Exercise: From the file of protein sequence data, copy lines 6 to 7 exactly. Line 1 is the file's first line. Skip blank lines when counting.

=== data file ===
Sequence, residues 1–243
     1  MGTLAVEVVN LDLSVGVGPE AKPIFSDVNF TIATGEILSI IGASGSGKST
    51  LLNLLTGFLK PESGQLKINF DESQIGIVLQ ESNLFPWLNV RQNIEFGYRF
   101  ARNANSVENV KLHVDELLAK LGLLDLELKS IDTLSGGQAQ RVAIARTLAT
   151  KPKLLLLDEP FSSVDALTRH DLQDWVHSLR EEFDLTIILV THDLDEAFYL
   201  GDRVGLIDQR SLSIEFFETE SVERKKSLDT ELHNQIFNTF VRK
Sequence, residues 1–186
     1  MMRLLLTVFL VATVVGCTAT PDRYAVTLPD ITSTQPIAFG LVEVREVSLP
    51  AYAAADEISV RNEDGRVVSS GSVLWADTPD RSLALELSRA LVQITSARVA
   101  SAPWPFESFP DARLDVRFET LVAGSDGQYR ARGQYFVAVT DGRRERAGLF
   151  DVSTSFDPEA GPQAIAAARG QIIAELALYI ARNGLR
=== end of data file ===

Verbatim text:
   201  GDRVGLIDQR SLSIEFFETE SVERKKSLDT ELHNQIFNTF VRK
Sequence, residues 1–186